Almac to have biggest global workforce of Northern Ireland firms
Northern Ireland pharmaceutical firm Almac has unveiled a £20m investment in its Philadelphia premises as it continues to build its America business.
The company, which makes pharmaceutical products on contract, is also spending £5m on expanding its Craigavon headquarters, where it will build a new laboratory and office.
In the US, it could benefit if President-elect Donald Trump carries out campaign pledges to reduce corporation tax to 15%.
Almac also announced it was spending £2m on the Arran Chemical Company site in Athlone in the Republic of Ireland, which it acquired last year.
It comes shortly after the company expanded its North Carolina site.
It is now the biggest Northern Ireland firm to have major premises in America.
This year marks two decades in the territory for the business.
With the expansion in Craigavon, Athlone and Pennsylvania now giving the firm a total of 5,000 staff around the world, it will boast the biggest global workforce of any Northern Ireland-based business.
As part of the latest growth phase, the company is expanding its existing premises in Souderton in Pennsylvania and leasing a 26,000 sq ft office space in nearby Lansdale.
Almac said it was investing in new machines, computers and software and creating more than 300 positions in sciences, clinical services and pharma services.
It has received a £1.3m Pennsylvania First Program grant from the Department of Community and Economic Development towards the work.
Pennsylvania governor Tom Wolf praised Almac's commitment to the State. He described the firm as a "major player in south-eastern Pennsylvania's strong bio-pharma industry".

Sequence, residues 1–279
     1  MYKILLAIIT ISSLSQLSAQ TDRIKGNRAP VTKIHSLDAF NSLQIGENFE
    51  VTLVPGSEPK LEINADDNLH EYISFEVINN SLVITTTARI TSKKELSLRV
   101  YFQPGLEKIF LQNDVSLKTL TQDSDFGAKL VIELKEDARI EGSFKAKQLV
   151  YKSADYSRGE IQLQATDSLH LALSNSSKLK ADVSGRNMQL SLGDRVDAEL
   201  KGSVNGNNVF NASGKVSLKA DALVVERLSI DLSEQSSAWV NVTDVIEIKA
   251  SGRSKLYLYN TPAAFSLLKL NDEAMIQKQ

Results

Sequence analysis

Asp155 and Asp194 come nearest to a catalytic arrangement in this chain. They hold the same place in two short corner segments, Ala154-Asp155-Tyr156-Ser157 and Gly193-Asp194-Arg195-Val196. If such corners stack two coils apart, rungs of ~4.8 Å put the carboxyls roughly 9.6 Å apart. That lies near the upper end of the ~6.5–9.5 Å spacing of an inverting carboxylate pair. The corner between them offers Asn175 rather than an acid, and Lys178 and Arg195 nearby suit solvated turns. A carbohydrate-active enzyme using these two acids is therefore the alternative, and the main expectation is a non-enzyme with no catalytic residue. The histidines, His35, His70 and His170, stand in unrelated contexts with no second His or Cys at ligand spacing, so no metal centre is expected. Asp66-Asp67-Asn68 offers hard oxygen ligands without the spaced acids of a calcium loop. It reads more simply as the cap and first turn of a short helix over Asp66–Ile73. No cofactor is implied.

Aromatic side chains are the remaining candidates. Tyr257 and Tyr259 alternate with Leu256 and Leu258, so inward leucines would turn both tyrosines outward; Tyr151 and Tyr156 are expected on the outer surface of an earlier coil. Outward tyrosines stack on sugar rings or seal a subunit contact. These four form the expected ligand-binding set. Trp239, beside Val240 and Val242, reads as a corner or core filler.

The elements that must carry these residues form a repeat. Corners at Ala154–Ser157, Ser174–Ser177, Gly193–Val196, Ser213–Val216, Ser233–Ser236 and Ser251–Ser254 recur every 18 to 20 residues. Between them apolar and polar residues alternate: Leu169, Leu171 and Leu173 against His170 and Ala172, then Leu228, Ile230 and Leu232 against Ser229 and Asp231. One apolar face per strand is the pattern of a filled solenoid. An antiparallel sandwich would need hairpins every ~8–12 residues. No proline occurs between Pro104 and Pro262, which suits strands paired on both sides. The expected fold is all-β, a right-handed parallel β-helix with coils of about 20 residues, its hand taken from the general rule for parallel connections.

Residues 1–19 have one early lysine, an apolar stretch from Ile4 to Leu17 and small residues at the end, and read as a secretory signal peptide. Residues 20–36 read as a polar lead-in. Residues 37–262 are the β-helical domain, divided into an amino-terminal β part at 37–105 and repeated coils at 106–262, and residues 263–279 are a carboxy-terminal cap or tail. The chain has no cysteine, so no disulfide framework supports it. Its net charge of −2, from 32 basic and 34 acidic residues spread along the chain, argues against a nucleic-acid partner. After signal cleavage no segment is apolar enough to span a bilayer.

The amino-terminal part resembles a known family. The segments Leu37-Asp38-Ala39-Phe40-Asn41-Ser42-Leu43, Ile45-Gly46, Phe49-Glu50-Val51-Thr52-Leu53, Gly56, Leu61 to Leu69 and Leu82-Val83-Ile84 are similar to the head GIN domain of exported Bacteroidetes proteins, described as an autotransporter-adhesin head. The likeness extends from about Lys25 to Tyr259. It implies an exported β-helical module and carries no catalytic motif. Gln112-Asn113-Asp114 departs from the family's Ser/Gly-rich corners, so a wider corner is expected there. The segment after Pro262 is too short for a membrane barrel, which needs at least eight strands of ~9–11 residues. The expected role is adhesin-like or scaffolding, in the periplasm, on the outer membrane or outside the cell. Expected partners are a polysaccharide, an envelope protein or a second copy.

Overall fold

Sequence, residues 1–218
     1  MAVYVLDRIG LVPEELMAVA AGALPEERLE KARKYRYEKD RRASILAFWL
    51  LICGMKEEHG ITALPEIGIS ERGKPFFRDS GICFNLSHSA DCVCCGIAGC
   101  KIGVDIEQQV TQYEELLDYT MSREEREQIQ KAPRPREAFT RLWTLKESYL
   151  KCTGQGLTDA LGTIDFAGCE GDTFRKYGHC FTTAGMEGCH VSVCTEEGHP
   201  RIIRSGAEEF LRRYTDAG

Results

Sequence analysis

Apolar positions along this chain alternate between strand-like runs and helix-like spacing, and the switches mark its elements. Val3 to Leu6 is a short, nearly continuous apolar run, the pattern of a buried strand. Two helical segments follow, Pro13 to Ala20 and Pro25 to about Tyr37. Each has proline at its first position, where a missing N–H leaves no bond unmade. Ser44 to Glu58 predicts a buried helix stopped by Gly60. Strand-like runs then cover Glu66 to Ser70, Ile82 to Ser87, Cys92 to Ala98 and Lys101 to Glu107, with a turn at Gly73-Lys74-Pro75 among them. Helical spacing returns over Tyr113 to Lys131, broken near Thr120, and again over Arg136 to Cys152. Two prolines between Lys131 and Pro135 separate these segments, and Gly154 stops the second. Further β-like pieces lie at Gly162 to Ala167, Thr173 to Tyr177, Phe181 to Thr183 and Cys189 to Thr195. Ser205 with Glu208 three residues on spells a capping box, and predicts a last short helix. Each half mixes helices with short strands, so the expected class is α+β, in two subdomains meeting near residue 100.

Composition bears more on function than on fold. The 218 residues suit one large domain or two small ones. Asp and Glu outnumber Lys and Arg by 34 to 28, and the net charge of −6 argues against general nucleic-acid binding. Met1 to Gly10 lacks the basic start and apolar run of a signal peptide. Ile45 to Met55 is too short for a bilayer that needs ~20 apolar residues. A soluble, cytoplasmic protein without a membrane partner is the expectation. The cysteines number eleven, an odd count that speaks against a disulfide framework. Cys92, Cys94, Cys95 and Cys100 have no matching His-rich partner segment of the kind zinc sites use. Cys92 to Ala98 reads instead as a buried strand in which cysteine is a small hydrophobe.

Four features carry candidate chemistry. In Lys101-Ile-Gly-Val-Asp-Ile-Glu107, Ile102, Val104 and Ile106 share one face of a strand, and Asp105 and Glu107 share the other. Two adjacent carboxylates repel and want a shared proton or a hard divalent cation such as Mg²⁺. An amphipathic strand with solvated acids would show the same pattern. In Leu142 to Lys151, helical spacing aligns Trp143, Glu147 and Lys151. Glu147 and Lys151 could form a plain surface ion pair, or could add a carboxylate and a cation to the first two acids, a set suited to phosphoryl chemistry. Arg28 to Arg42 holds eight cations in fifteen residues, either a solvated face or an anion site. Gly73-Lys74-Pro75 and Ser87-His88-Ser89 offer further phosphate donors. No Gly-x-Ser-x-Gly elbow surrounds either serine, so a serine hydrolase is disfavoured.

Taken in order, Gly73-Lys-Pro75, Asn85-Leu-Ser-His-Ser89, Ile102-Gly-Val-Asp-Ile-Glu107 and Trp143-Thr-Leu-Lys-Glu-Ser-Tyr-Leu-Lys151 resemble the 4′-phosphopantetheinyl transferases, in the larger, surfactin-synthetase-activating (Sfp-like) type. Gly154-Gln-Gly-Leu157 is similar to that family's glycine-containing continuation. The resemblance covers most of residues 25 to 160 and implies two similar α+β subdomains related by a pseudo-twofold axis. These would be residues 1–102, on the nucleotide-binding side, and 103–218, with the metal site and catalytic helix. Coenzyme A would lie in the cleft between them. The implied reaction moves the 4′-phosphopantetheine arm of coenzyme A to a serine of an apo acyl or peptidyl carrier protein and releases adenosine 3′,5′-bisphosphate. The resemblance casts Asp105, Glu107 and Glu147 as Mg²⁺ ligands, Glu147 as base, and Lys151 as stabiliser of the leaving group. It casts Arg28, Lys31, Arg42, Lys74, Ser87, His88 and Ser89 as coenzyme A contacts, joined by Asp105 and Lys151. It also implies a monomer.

Almac Group chief executive Alan Armstrong said: "Due to significant industry demand for our services, it is essential we build capacity and increase headcount to ensure we continue to compete at a global level.
"This year we are celebrating our twentieth year in the US and we are excited to make a further commitment within the Pennsylvania state and throughout North America.
"We are also delighted to announce our further expansion plans across Europe as we continue to build upon our global success, and we are looking forward to an exciting future."
In Craigavon, around 170 existing staff, including chemists and analysts involved in drug research, development and manufacture, will be transferred to the new building
At the end of September, Almac announced it was expanding its clinical services division and developing its diagnostics operations at its site in Durham, North Carolina.
As well as manufacturing and developing drugs on contract, the company also provides services such as research and product development.
In accounts for the year ending September 30 this year, Almac reported pre-tax profits of nearly £28m, partly due to increased licensing of its cancer tests and treatment.
Turnover was up nearly 15% from £341.6m to £393.6m on the firm's main activities in the USA and UK.
In a strategic report accompanying the results, the holding investment company said it received payments of $20m (£13.7m) for the out-licensing of oncology products and diagnostic tests, developed in-house.
Last year, Almac and Queen's announced they had created a new therapeutic drug to slow down tumour growth in the advanced stages of ovarian cancer.
Almac was formed by the late Sir Allen McClay in 2002, although its roots go back to Galen Ltd, which the former pharmacist founded in 1968.
It floated as Galen Holdings plc in 1997 and was the province's first billion-pound company.